"Ele me trata como se eu fosse um estranho."
Translation:He treats me as if I were a stranger.
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Actually, it isn't the verb ir, but ser. The point is the in some tenses a few conjugations of them are the same. If I were a student,... (se eu fosse um estudante,...) / if I went to the beach,... (se eu fosse à praia,..)
This translation is too literal and odd... I'm not English fluent, but I think "He treats me like I am a stranger" is better. Sounds good in English?
Both "He treats me like a stranger" and "He treats me as if I were a stranger" are fine and used regularly in English. The "were" is an English subjunctive form, which is why it looks a little weird. We would use it more in formal conversations or in writing.
Yes it sounds ok, we can substitute "as if" for "like" although there is a difference in tense between "I am" and "I were".
http://www.conjuga-me.net/verbo-ir. Look at the past subjuntive and then compare with the verb ser
"He treats me like if i were a stranger"
This is wrong because the I is not capital.... that is just not cool.
I think you misunderstood what Duolingo was correcting. As an English native I would say "He treats me like I were a stranger" or "He treats me as if I were a stranger". I don't know the rule for it, but using like and if together in this context sounds strange to my ear.
Sidenote: In colloquial English it's common to say "I WAS a stranger", it was only through these lessons that I learned that "I WERE" is the formal way of writing this in English subjunctive.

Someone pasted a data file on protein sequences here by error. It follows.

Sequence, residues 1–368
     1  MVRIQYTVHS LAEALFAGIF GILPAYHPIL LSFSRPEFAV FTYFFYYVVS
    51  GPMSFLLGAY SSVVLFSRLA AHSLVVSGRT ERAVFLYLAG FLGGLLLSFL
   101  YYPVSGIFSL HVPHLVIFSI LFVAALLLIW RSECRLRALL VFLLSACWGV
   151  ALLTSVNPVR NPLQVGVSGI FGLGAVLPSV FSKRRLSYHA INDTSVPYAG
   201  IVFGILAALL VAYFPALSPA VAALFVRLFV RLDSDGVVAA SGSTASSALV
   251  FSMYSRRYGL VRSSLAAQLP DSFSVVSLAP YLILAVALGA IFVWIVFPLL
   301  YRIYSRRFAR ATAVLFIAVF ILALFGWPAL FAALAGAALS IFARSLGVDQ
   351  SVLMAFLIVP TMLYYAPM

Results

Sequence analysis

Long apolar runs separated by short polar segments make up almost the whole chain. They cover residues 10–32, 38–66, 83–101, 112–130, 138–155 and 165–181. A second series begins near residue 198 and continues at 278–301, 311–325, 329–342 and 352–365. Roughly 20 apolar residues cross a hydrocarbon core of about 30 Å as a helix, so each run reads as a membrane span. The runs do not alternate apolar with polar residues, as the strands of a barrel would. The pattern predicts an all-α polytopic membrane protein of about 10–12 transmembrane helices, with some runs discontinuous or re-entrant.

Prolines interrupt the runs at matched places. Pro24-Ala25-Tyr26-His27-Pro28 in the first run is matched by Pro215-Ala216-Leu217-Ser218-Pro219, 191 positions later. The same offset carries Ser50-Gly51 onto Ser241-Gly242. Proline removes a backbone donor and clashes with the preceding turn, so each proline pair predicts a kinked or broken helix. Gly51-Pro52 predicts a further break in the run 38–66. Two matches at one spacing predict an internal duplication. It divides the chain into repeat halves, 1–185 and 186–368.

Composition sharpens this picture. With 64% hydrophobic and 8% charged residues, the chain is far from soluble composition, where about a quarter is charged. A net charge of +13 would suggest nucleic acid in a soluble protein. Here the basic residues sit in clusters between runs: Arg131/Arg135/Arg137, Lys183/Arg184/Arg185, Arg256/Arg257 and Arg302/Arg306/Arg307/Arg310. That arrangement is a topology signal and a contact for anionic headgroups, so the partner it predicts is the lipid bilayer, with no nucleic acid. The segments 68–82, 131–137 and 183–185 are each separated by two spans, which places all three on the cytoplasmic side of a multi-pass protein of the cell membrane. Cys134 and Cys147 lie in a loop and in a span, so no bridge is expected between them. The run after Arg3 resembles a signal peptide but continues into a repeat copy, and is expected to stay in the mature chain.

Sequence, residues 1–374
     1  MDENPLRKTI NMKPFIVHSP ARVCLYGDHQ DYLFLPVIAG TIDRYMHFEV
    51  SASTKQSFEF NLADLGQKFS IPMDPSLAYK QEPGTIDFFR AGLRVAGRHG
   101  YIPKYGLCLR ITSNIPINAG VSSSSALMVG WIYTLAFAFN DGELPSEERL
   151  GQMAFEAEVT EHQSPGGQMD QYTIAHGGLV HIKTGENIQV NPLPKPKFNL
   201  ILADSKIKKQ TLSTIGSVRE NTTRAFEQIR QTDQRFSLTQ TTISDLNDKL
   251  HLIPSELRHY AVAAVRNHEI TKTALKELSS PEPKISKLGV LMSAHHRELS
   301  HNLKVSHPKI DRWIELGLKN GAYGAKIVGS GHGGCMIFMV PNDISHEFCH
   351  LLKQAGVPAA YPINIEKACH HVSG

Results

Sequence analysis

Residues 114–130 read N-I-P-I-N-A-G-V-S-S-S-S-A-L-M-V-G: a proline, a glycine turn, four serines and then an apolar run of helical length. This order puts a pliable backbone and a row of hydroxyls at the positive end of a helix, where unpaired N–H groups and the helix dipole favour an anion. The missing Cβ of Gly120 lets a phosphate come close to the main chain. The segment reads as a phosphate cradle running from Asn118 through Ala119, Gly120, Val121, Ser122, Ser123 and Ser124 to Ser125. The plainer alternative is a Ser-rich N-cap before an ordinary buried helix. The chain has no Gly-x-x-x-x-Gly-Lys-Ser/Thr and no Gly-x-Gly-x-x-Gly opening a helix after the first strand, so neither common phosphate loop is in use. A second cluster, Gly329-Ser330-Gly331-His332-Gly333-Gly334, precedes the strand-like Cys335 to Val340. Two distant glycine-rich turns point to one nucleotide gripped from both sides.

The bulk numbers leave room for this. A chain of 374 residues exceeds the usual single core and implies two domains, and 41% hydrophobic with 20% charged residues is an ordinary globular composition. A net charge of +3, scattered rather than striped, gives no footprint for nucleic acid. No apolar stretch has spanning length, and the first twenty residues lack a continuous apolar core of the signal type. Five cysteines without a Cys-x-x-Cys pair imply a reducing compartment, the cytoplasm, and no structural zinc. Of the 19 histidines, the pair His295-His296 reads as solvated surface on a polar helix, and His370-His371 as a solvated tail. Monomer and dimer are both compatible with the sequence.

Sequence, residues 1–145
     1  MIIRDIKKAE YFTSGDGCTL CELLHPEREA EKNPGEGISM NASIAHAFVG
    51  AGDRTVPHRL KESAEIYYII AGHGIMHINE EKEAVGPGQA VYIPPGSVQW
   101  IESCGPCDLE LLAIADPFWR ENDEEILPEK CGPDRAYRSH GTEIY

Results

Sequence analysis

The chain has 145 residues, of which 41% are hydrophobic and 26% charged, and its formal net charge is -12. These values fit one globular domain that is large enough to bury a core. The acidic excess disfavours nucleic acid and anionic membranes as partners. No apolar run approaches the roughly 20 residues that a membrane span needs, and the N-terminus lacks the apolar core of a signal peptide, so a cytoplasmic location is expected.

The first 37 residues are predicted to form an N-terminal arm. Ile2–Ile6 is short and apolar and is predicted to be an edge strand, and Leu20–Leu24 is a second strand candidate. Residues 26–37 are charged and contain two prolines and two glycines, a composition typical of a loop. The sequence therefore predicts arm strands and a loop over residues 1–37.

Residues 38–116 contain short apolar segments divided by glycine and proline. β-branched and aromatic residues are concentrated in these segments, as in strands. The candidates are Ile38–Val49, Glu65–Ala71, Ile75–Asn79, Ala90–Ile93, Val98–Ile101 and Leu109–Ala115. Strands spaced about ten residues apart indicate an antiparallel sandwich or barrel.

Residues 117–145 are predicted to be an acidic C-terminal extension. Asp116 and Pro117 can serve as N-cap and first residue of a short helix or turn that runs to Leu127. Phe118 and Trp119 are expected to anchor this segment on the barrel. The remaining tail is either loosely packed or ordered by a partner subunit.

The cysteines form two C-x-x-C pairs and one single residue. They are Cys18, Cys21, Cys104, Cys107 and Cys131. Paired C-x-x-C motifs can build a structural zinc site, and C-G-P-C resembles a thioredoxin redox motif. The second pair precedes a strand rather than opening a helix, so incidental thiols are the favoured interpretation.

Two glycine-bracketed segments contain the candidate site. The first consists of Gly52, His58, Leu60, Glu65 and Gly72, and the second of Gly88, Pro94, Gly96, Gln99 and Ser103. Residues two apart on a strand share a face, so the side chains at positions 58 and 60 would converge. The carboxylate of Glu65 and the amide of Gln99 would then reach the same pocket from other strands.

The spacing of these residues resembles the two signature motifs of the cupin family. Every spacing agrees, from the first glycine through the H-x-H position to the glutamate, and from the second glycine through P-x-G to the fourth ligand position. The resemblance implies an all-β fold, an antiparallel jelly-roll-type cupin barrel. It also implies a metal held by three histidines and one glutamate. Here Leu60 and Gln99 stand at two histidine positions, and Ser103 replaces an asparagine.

Grammatically-correct English: He treats me as if I were a stranger. (subjunctive tense)
Colloquial English is: He treats me like a stranger.
In academic settings/newspapers,magazines, etc. you will hear/see the former.
Thanks man!! i've learned that "i was" in such context is colloquial, but I didn't know its usage was so spread out...
But "like" is well used it, as "as". Actually, I reportered, and now duoling accept that translation.
One question about the possibility of ellipsis of the pronoun in the subject of the subordinate clause
I tried "ele me trata como se fosse um estranho" and got rejected. I know that “fosse” may be both 1st and 3rd person of the singular, buy there is little room, if any, for ambiguity, so based on what I learned it should be OK not to include the pronoun ”eu“.
Does Portuguese work differently than Spanish in this sort of sentences? (The Spanish translation is completely equivalent, even in the sameness of the conjugation of the verb for 1st and 3rd person singular, and the omission of the pronoun is admitted and even encouraged. In fact, to include the subject would serve to provide emphasis.)